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How To Sing

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by

Anali Keefe

on 8 January 2014

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Transcript of How To Sing

Results
With these steps you can improve your singing. There are many more tips that can help you be better with your singing. Be patient, if you don't get it the first time, it's okay. The more you practice the better you will be. Just have fun!
Music Production
Tip 4: Vibrato
Here’s a quick tip to get your vibrato working. Stand in front of a mirror; press on your chest with both hands, then raise your chest higher than normal. Take a breath in and then exhale, but don’t drop your chest. Sing one note and hold it as long as possible with your chest raised. Press on your chest halfway through the note (press kind of hard and raise your chest to meet the pressure). Relax the back of your neck and keep your jaw open as you’re singing “ahhh.” Imagine the air spinning around in your mouth while keeping your chin tucked down a bit and your chest raised. Keep in mind, overuse of vibrato is not a good thing in contemporary singing (pop, rock and R&B). At the same time, no vibrato is also not a good thing. So, try ending phrases with straight tone, then into a little bit of vibrato. The bottom line is to do what’s best for you.
Tip 1. "The Instant Fix"
This is a quick trick that makes you sound better instantly, so I call it the “Instant Fix.” Say A-E-I-O-U (watch your jaw movement in the mirror). Did your jaw close on any of the vowels? Chances are your jaw closed on the “E” and the “U” – and most likely on others too, if not all of them. Take your first two fingers and pull your jaw down two inches – or even better, use a plastic bottle cap or a wine cork to prop your jaw open. Now speak the vowels again. And repeat again (we’re trying to re-program muscle memory – so the more the better).


Tip 2: "Think Down" (for high notes)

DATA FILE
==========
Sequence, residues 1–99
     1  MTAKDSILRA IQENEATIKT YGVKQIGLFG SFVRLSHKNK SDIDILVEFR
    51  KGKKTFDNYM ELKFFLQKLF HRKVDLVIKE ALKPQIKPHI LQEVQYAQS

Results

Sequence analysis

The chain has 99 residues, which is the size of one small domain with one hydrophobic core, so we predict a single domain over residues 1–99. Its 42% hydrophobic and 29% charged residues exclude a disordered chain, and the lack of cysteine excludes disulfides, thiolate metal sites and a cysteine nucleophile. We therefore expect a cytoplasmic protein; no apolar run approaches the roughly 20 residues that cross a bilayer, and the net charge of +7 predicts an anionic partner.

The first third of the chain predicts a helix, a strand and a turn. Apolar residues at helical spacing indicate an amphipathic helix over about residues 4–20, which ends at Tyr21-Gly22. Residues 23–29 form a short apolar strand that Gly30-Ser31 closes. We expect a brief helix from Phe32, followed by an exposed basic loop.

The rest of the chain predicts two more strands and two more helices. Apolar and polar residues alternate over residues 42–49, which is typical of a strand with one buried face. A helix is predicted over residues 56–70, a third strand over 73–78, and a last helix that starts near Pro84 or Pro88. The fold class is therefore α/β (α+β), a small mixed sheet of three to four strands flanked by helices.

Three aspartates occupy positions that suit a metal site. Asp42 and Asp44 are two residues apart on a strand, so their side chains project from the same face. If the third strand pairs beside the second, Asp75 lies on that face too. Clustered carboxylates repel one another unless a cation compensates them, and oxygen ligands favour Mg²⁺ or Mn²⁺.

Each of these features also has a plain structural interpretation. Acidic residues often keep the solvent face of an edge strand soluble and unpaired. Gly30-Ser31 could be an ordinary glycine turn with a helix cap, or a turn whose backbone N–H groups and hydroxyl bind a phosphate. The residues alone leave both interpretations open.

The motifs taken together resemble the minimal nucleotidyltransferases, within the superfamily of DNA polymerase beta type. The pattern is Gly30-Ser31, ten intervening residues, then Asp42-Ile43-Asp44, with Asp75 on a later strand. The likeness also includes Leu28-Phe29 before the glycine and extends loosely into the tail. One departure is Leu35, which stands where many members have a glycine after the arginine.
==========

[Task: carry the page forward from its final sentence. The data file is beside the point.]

When you sing a scale, try thinking of the way an elevator works: a heavy weight is attached to a pulley, and as the weight pulls down, the elevator goes up to the higher floors. So, the highest floor is reached when the weight is the heaviest. Similarly, you should use the most “weight” on your highest notes.

Tip: 3 More Power Without Strain
How To Sing
In this presentation I will talk about using certain tips to make your singing better.
Who doesn’t want more power without strain? This is one of those simple singing tips that’s easy to apply – easier than the one above. All you have to do is to keep your chin pointed slightly down and your pectoral muscles slightly flexed (sometimes it’s a lot flexed) when you go for more power. Most singers reach forward or lift their chin up to sing with more power. While it may temporarily work, it causes vocal problems. Tipping your chin down not only works better and saves your voice, it actually SOUNDS better!
Stand in front of the good ‘ol mirror. Sing an “ah” scale up and down in one phrase (1-2-3-4-3-2-1). Press your chin slightly in (point your chin towards the floor), usually only 1 inch or so. Don’t let your head bob up as you raise pitch – keep it firmly in place. Go all the way up the scale of your voice keeping this position. Notice how the chin wants to move up as you raise pitch. Keep it planted. This will give you more power and control and eliminate strain. Practice it until it becomes natural!
Tip 5:
Make recordings of yourself. This is the only way to hear your problems, because you can separate yourself from your voice and listen to what other people hear. You may not like this at first, but keep at it; you'll improve vastly, and you'll start to notice stuff you like about your voice and really expand on those things.
Tip 6:
Talk to established singers. Most of them will be happy to give you some tips and exercises that helped them out, and any time you need to ask for directions, the best idea is to ask the person that's already at your destination.
Info:
The human voice is one of the most fragile instruments, and is incredibly difficult to master. If you want to learn how to sing well, it's going to be a long battle, but here are some great tips to help you avoid some common pitfalls.
Breath from the diaphragm, not the lungs. You need to really control the air that you're expelling when you sing, and breathing from the diaphragm gives you more air to work with. To do this, breath so that your stomach goes out rather than your chest when you inhale. When you practice, try to focus on using the same amount of air for low notes and high notes. This will help erase the break between your registers and give you more steady tone.
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